Wednesday, January 28, 2015

The Eagles play the Meadowlands

It may be kind of hard to believe, given the weather, but we've been spending a lot of time outdoors during the past few weekends. Despite the cold, the rain and even some snow, Ivan and I have been toughing it out in spots from Atlantic County's Forsythe National Wildlife Refuge to Wallkill NWR way up on the New Jersey-New York border, all in the name of finding as many bird species as we can before January 31.

After a great start on New Year's Day, the birds have been a little tougher in coming. Pouring rain one weekend kept us from doing much more than scanning large flocks of geese from the car. Trips to normally very reliable spots for winter ducks were a lot less than productive. And then, just as we were beginning to question whether the birding gods were playing tricks on us, we ran into car trouble and lost half a day to waiting for AAA and a long-distance tow.

Al and Alice, as photographed by Jill Homcy.
(Not at interchange 16W, but this is kind of the way
those eagles were perched.)
Little did we know, our luck was about to turn. Maybe we wouldn't see any new species for our January lists, but we ran into one of those classic birding experiences that seem to happen only in New Jersey.

Just as our tow truck driver was steering around the curve on Turnpike interchange 15W, I spied two adult Bald Eagles perched in a tree between the exit ramp and the Hackensack River.

Yes, you read that right. Two eagles were just sitting there like a couple of pigeons (well, big, majestic pigeons), watching traffic just yards away from one of the busiest roads on the Eastern Seaboard.

Finding perched eagles along the Hackensack has become a more common occurrence since a pair started nesting in a tree next to Overpeck Creek. The female, dubbed Alice by the pair's human advocates, came to New Jersey from Inwood Park in Manhattan, a fact known because naturalists gave her an identification band when she was a nestling. A thoroughly modern New Yorker, she was also equipped with a radio that allows scientists to track her location. Where her mate Al came from isn't known, but it seems that he likes city girls; they've been together for at least four years.

Like many folks who've set up housekeeping in the crowded Bergen/Hudson County corridor, Al and Alice have been faced with the potential threat of losing their homes to redevelopment. Their nesting and roosting tree is located on a landfill that's been slated for a mixed-use facility with offices and shopping. In another "only in New Jersey" move, the developer claimed the pair's tree needed to go in order for the site to be cleared of hazardous waste, while environmentalists contended the contaminants on the site posed no risk to birds or people. Ultimately, the U.S. Fish and Wildlife Service issued a report favoring the eagles, but the New Jersey Department of Environmental Protection remains silent on the issue.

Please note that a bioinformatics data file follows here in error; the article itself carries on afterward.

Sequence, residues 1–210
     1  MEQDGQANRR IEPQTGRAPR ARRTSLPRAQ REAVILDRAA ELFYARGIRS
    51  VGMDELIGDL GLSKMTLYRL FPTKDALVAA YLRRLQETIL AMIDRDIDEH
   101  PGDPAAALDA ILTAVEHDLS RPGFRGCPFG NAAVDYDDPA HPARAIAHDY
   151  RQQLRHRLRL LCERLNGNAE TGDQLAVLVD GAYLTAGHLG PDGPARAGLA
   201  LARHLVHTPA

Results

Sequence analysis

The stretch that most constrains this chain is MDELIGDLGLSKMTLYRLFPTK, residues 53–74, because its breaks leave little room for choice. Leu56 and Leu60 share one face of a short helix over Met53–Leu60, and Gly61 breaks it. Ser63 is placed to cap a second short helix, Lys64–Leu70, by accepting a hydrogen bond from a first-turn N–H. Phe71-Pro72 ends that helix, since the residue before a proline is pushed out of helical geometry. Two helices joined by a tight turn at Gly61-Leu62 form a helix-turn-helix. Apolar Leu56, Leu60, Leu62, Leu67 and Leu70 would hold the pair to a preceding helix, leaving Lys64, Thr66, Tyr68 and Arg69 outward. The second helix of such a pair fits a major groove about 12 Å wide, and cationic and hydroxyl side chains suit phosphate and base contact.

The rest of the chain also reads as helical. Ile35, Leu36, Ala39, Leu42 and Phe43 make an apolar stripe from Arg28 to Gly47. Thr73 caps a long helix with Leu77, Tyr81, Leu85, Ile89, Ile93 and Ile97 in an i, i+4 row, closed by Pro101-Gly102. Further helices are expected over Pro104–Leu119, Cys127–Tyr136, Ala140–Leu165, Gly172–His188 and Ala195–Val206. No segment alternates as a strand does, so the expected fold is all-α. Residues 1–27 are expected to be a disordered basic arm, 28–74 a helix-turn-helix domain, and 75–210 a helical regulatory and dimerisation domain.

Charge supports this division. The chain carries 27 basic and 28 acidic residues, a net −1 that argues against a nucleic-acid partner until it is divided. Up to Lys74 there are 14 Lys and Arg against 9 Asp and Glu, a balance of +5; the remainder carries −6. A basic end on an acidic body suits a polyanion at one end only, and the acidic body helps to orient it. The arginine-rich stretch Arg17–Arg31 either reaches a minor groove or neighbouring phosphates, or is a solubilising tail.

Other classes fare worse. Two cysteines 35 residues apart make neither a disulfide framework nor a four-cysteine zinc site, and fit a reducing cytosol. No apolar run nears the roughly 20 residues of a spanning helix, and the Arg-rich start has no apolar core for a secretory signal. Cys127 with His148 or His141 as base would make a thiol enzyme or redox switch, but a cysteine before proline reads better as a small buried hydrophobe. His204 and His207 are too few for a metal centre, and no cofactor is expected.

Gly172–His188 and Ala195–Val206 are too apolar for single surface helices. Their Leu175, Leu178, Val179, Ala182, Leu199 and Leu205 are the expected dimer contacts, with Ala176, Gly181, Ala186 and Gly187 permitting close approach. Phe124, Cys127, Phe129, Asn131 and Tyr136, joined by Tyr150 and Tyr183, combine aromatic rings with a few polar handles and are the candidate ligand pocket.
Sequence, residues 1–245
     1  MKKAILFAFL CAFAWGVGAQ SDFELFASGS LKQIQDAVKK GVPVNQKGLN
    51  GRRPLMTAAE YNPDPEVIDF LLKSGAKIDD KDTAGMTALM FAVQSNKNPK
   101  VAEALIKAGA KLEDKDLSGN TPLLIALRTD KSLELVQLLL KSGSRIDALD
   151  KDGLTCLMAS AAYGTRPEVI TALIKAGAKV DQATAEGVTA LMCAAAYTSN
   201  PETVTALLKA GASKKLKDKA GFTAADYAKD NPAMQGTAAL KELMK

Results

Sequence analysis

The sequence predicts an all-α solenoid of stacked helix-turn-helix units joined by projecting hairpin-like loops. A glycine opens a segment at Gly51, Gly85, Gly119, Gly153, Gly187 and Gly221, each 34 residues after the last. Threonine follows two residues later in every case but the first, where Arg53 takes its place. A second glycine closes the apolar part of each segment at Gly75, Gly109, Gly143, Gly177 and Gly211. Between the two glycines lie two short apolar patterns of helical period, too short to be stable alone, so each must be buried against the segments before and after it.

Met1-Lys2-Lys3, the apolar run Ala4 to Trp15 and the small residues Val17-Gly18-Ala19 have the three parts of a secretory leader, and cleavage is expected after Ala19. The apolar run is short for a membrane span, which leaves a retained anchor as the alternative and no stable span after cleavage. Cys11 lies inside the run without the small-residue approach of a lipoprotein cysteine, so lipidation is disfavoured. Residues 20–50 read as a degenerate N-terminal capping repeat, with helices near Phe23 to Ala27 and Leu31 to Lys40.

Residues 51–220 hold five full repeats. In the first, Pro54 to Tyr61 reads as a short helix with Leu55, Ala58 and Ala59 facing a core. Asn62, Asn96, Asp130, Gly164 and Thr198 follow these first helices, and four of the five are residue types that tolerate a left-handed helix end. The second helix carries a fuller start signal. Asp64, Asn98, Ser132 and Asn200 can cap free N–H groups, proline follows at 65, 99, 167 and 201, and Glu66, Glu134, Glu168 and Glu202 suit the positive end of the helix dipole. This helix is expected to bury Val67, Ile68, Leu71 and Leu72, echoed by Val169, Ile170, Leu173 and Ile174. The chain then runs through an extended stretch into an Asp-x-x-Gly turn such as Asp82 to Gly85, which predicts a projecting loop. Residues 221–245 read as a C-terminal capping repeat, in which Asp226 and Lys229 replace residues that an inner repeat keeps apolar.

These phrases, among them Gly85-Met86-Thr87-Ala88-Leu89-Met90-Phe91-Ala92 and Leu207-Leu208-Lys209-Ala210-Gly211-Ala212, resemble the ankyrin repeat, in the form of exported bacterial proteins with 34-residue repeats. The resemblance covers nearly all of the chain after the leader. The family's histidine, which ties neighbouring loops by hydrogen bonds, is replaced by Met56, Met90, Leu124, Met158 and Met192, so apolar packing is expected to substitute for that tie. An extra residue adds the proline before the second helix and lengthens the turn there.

Al and Alice continue to move forward with their lives, regardless of the human decisions being made around them. According to the Friends of the Ridgefield Park Eagles, the advocacy group working on their behalf along with Bergen County Audubon, they're already preparing their nest for this year's eggs. With any luck, over the next several months they'll be raising at least one new brother or sister to add to the half dozen young eagles they've nurtured in their time living along the Overpeck.

And those eagles? Consider that they've been raised in one of the most densely-populated parts of the state, if not the country. They've grown up knowing about humans and our behavior, perhaps making them more likely to stay in the neighborhood rather than fleeing to more rural areas. Maybe in the not too distant future, we'll see eagles flying over Newark and Paterson and Jersey City just as effortlessly as they soar over the Kittatinny Ridge or the farm fields of Salem County.

We can hope.

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